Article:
Strengthening maritime security through cooperation

  • 10 Nov. 2014 - 11 Nov. 2014
  • |
  • Last updated: 01 Dec. 2014 16:42

Threats to maritime security are complex and diverse, including piracy, the trafficking of humans, weapons and narcotics, dumping of toxic waste and illegal fishing. It is a global concern that is of increasing strategic importance for the international community.

Officials from NATO and the European Union (EU), as well as representatives from academia, addressed the challenges of maritime security at a workshop on 10 and 11 November in Geneva, Switzerland.

Mr Michel Soula, NATO Deputy Assistant Secretary General for Operations, said, “If we aim to bolster globalisation for the benefit of all, if trade at sea is to continue unmolested, and if the world is going to feed and fuel itself in the 21st century – then internationalised maritime security is an obligation, not a choice.”

Robust measures

Participants discussed options for implementing NATO’s Maritime Strategy as an effective tool in the efforts to maintain robust maritime security. They agreed that information-sharing among NATO and EU member and partner countries would help to ensure a robust maritime security effort. Delegates also examined the issue of protracted maritime conflicts, focusing on the Mediterranean and the Baltics.

There is merit in facilitating an exchange between experts from NATO member and partner countries to consider and explore the risks and opportunities for building trust to further enhance maritime security”, said Dr Eyup Turmus from the NATO Science for Peace and Security (SPS) Programme.

NATO’s role in maritime security

Maritime security is rising on NATO’s agenda and Allies are increasingly determined to implement the Maritime Strategy – an objective set at the Wales Summit in September 2014. This encompasses a complete revamping of NATO’s maritime forces, an extensive multi-year programme of maritime exercises and training, and the enhancement of cooperation between NATO and its partners, with other international actors and, in particular, the European Union.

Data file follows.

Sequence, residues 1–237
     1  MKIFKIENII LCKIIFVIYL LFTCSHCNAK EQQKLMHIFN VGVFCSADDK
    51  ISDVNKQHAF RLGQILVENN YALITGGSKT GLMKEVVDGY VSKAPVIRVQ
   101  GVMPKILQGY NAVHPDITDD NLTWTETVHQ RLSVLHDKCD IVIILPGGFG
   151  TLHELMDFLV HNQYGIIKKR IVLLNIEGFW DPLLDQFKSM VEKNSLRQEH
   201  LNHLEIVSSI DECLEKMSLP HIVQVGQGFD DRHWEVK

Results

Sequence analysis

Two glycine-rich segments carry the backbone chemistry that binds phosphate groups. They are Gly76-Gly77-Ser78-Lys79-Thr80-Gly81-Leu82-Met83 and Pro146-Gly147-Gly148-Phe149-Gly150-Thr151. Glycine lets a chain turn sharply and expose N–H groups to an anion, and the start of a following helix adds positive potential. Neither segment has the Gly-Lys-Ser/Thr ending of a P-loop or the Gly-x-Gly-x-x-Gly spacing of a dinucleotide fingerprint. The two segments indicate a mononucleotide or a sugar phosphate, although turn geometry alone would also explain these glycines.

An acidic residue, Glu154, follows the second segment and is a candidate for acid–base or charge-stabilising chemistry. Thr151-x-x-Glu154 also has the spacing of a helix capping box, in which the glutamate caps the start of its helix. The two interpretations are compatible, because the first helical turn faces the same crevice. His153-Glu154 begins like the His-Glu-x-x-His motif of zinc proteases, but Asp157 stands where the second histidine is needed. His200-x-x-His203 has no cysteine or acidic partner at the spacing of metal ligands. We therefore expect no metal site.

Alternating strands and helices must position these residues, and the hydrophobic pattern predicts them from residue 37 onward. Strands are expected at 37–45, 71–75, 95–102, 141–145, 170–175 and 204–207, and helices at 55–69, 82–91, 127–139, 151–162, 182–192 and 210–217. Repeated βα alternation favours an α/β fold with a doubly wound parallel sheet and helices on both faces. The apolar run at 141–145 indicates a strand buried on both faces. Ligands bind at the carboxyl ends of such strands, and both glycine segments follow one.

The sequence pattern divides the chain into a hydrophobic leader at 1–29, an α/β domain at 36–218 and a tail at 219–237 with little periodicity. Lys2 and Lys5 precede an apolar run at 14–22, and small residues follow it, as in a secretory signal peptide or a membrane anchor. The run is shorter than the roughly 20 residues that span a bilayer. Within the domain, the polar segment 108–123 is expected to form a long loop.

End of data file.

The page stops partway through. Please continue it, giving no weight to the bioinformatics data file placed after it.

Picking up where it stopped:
So far, NATO’s current maritime operations have demonstrated the Alliance’s ability to achieve strategic objectives in vastly different contexts. Under Operation Active Endeavour, NATO ships are patrolling the Mediterranean and monitoring shipping to help deter, defend, disrupt and protect against terrorist activity. The operation evolved out of NATO’s immediate response to the terrorist attacks against the United States of 11 September 2001. Since 2008, NATO has also helped to deter and disrupt pirate attacks and protect humanitarian aid shipments off the Horn of Africa. And in 2011, Operation Unified Protector delivered power from the sea and comprised a major maritime arms embargo on Libya.

The workshop was co-organised by the Centre for Trust, Peace and Social Relations at Coventry University in the UK and the Small Arms Survey in Switzerland, with support from the NATO SPS Programme.